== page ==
THE UCI road cycling world championships – and a projected one million visitors – are set to ride into towns across Yorkshire.

The race has polarised businesses in the communities across Yorkshire who are hosting the event.

Harrogate has been saddled with the starring role but Beverley, Bradford, Doncaster, Leeds, Northallerton, Richmond, Ripon and Tadcaster also feature prominently on the Yorkshire route map.

With a worldwide TV audience tuning into Yorkshire, one of the biggest events in cycling is viewed by many businesses as the perfect shop window – a way of boosting trade and banishing the insolvency blues hitting the High Street.

For others, the widespread road closures affecting footfall and staff travel mean beleaguered Yorkshire businesses have little option but to close for the whole week – adding to their financial struggles.

Independent financial experts have been brought on board to explore the economic benefits – or otherwise – of the big event, and assess whether it’s proved a much-needed fillip to some Yorkshire businesses’ recovery plans.

Their appointment comes as new research highlights the scale of the insolvency battle facing many shops and bars and restaurants on the High Street, including here in Yorkshire and the North East.

It revealed that an average of 16 stores are closing every day as high rents and business rates, together with online shopping, cause financial difficulties.

Over the last six months, some 2,868 shops closed with the biggest net declines seen among fashion retailers (-118), restaurants (-103), estate agents (-100) and pubs (-96).

On average, nine new stores opened their doors every day, for a total of 1,634, but meaning there was still a net closure of 1,234.

This figure is up from 1,123 over the same period last year and the highest since the insolvency research began in 2010.

We have witnessed several retailers seeking to close stores or reduce rents through insolvency processes known as company voluntary arrangements (CVA), including Arcadia and Debenhams.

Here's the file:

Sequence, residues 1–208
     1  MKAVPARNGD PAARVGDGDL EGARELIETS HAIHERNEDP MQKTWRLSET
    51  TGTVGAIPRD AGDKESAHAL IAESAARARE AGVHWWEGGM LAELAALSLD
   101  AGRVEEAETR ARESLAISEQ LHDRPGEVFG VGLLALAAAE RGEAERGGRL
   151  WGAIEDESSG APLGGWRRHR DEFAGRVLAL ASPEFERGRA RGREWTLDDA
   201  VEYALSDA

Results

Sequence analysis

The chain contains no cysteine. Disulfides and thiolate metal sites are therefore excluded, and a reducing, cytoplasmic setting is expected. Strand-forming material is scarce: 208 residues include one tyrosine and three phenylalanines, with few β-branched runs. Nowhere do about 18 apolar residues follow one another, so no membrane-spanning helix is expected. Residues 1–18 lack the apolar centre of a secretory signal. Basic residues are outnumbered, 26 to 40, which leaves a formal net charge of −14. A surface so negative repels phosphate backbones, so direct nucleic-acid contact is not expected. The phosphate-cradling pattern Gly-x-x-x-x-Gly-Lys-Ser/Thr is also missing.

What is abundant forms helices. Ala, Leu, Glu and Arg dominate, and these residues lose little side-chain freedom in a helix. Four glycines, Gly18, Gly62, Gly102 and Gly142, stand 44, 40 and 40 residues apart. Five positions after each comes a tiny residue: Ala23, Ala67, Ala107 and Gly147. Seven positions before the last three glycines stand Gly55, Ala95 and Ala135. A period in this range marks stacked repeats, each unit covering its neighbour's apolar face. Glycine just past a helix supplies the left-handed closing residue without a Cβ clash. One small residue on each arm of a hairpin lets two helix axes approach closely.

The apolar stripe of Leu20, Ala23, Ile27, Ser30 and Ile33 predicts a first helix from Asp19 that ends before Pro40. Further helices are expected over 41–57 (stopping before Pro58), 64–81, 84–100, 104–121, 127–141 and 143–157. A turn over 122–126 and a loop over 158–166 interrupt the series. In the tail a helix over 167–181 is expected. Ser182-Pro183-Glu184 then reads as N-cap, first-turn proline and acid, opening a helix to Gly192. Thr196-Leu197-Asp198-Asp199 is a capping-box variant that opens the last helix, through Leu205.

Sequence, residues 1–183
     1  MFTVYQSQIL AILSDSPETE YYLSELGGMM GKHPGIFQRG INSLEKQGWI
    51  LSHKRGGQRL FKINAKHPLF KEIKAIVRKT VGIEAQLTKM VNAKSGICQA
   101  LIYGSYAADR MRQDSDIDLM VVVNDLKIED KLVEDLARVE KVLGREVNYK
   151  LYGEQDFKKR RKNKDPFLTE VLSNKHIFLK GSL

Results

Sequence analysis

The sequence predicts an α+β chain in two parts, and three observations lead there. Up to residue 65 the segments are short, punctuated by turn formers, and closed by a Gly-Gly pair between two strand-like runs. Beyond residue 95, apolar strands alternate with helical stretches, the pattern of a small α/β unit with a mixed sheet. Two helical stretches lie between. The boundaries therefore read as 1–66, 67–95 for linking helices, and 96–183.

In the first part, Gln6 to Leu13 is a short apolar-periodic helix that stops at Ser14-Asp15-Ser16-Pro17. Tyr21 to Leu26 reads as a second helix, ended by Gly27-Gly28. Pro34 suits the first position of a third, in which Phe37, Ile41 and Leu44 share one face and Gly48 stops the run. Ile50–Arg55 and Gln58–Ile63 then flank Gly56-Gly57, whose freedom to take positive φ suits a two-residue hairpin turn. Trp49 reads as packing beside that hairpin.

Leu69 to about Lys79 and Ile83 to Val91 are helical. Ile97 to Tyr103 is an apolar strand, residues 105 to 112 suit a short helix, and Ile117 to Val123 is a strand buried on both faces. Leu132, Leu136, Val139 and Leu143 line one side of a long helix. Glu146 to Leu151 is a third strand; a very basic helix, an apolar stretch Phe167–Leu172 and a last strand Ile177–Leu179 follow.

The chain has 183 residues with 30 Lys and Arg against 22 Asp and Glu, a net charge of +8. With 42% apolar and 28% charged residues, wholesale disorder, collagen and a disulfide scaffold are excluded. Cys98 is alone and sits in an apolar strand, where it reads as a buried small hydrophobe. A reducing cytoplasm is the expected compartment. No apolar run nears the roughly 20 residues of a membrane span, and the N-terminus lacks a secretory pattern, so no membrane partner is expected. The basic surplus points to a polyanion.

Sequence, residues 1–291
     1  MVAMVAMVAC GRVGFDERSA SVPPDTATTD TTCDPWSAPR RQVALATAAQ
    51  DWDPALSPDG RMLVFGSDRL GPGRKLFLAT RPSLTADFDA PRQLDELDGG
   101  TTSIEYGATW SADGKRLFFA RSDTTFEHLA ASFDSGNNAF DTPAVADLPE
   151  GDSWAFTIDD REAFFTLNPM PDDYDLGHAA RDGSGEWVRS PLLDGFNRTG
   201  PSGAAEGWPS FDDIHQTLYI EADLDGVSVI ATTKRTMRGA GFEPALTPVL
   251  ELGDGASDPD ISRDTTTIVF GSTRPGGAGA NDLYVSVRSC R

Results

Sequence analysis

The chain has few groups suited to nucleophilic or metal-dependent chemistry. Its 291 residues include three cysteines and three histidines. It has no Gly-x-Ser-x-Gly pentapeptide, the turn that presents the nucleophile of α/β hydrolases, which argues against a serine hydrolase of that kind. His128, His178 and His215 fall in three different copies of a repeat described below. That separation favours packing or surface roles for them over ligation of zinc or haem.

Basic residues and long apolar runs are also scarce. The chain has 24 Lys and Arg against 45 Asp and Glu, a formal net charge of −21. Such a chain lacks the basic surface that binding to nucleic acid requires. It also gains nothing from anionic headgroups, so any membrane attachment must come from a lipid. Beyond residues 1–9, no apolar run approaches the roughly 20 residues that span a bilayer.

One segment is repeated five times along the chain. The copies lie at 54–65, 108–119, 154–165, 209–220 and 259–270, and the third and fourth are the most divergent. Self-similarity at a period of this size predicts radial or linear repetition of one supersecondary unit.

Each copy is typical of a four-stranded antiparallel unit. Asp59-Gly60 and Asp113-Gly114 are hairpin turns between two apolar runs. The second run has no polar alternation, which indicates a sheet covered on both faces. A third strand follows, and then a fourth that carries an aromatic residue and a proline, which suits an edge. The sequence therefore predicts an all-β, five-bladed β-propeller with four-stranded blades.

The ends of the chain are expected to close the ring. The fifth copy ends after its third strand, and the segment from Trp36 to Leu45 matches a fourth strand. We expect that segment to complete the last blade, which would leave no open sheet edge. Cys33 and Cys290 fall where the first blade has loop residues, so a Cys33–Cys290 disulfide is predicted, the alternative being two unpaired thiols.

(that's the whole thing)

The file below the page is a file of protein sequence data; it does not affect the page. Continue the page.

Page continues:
Other retailers, such as LK Bennett, Pretty Green and Coast have failed to escape the insolvency axe.

And there are many more high-profile names favoured by shoppers in Yorkshire and North East who are hoping their business recovery plans are robust enough to beat their own insolvency fight.

However, chicken shops are proving so popular on the High Street that they were one of only three store types, along with pet shops and gyms, to see more openings than closures in the last six months, according to the insolvency researchers.

Regionally, London was hardest hit by insolvency and financial difficulties, with the biggest number of net closures.

But there was good news for Yorkshire and the Humber – one of just four UK regions to see a fall in net closures compared with the final six months of 2018 – early evidence of potential business recovery.

Whether the UCI world cycling championships puts the wheels in motion for these green shoots to grow faster in Yorkshire remains to be seen.

As insolvency experts and Yorkshire businesses both recognise, there is a lot riding on it!

Here at Walsh Taylor, when financial difficulties arise, we’ll put time on your side.

For more information on how our licensed insolvency specialists and business recovery teams in Leeds, Bradford, Harrogate and Darlington can help you, please call us on 03300 244 660 or email

Mary Taylor

Mary began working in insolvency for a national accountancy practice in Glasgow thirty years ago and worked in most divisions of the insolvency department.

She then moved to a smaller firm so she could advance her knowledge on a more hands on basis. She moved back to Leeds in 1987 and commenced working with a small firm of accountants and subsequently made partner.

She left in 1999 to set up her own practice, McCann Taylor.
McCann Taylor became involved with the consumer market both in England and Scotland.

Mary sold McCann Taylor in March 2007 and formed Walsh Taylor to concentrate on helping businesses experiencing financial difficulties.

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